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Thursday, August 16, 2012

Nano tritium battery

The NanoTritium betavoltaic power source from City Labs is a thumb-sized battery that draw...The NanoTritium can travel into enemy territory, plunge to the bottom of the ocean and even settle into the human heart. And it keeps going, even through extreme temperatures and vibration, for 20 years or more. Just the size of an adult’s thumb, NanoTritium is a different kind of battery — and now it’s available commercially. Homestead-based City Labs, the small high-tech company that created NanoTritium, Tritium being a radioactive isotope of hydrogen that contains two neutrons and one proton, its atom is unstable and decays into helium. This decay is accompanied by release of energy in the form of electrons, which can then be used to power devices. The element being mildly radioactive does not affect health of the user. The electrons released during thIS procedure are capable of powering the battery but are not radioactive enough to escape the battery and harm user

When installing micro-electronic devices in locations that are expensive or hard to reach, or just downright dangerous, you don't want to have to keep returning to swap out a battery cell. Canada's City Labs has announced the commercial launch of its NanoTritium betavoltaic power source, a thumb-sized battery that draws on the energy released from its radioactive element to provide continuous nanoWatt power for over 20 years.
Contrary to the celluloid claims of Dr Octavius (in the movie Spiderman 2), there's quite a bit more than 25 pounds (11 kg) of tritium (a radioactive isotope of hydrogen) in the world today. Although occurring naturally in the upper atmosphere, it's also produced commercially in nuclear reactors and used in such self-luminescent products as aircraft dials, gauges, luminous paints, exit signs in buildings and wristwatches. It's also considered a relatively benign betavoltaic, providing a continuous flow of low-powered electrons for a good many years.
According to the Environmental Protection Agency, tritium has a half-life of 12.3 years and the Model P100a NanoTritium betavoltaic power source from Toronto's City Labs is claimed to be capable of providing juice to low-power micro-electronic and sensor applications for over 20 years. It's described as robust and hermetically sealed, and the tritium is incorporated in solid form.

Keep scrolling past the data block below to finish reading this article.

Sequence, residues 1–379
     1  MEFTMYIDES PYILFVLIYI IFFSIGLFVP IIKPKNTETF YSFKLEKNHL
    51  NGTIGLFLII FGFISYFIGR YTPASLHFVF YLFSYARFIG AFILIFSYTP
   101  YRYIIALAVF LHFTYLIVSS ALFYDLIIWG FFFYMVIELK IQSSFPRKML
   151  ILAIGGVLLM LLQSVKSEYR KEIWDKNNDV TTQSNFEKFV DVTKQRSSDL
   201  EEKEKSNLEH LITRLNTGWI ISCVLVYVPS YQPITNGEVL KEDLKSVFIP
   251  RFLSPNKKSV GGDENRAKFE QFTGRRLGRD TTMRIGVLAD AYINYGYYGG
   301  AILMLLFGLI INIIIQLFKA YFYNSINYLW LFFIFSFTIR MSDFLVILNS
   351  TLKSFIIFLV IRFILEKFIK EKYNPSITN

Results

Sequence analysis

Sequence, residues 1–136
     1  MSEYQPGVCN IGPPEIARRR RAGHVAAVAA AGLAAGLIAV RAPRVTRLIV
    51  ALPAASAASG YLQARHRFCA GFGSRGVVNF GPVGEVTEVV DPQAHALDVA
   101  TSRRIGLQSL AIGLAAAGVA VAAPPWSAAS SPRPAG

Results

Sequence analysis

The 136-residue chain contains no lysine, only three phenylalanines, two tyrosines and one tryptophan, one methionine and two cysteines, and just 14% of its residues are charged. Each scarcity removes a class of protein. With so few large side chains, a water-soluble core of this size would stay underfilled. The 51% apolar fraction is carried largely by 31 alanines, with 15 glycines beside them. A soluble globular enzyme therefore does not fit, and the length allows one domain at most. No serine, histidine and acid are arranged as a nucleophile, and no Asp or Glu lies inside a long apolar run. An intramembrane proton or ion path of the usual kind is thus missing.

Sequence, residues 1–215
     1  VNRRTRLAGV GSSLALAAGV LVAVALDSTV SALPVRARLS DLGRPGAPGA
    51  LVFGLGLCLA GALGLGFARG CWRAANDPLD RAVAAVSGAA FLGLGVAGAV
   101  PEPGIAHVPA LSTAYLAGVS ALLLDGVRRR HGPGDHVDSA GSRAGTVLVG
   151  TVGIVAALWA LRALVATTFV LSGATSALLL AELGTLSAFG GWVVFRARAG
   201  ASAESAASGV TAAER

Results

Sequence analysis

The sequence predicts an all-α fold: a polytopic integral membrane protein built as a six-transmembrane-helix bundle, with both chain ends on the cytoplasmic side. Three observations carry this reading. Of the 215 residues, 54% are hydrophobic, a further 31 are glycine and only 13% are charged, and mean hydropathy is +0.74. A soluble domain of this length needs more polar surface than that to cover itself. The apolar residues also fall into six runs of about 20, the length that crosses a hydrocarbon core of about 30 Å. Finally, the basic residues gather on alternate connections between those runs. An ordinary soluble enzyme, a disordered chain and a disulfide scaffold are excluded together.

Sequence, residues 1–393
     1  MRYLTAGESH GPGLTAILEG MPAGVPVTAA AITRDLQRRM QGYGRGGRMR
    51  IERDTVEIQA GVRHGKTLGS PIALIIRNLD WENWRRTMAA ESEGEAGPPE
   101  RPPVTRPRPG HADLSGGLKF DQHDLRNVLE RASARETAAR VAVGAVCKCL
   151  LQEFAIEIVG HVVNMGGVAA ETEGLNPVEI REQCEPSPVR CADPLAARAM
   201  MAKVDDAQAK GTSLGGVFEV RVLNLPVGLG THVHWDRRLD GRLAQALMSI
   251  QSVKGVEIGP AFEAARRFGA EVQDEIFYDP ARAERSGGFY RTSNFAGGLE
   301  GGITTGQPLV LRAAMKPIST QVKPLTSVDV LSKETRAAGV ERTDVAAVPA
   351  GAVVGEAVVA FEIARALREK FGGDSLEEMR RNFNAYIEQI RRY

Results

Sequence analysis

Independent testing undertaken by Lockheed Martin during an industry-wide survey also found the technology to be resistant to broad temperature extremes (-50° C to 150° C/-58° F to 302° F), as well as extreme vibration and altitude.
Examples of possible applications for the technology offered by City Labs include environmental pressure/temperature sensors, intelligence sensors, medical implants, trickle charging lithium batteries, semi-passive and active RFID tags, deep space probes, silicon clocks, SRAM memory backup, deep-sea oil well electronics, and lower power processors.
The company reports that it has just been granted a Product Regulatory General License to manufacture, sell, and distribute its NanoTritium battery, making its P100a the first betavoltaic power source to be made available to customers who don't have a radiation license, haven't obtained regulatory approval or undergone special training.
The company's Denset Serralta confirmed that its betavoltaic power source is available now (with a 6 to 8 week lead time) and told us that "price ranges are in the US$1,000s, future price ranges will drop from that or will increase in power output."
City Labs (which is backed by Alienware's co-founder Alex Aguila, currently located within the NASA-sponsored Carrie Meek Business Center in Homestead, Florida and includes betavoltaic pioneer Larry Olsen as Director of Research) says that higher power batteries are currently under development, which could provide tens of microwatts over the long haul as well as short bursts of milliwatt power.

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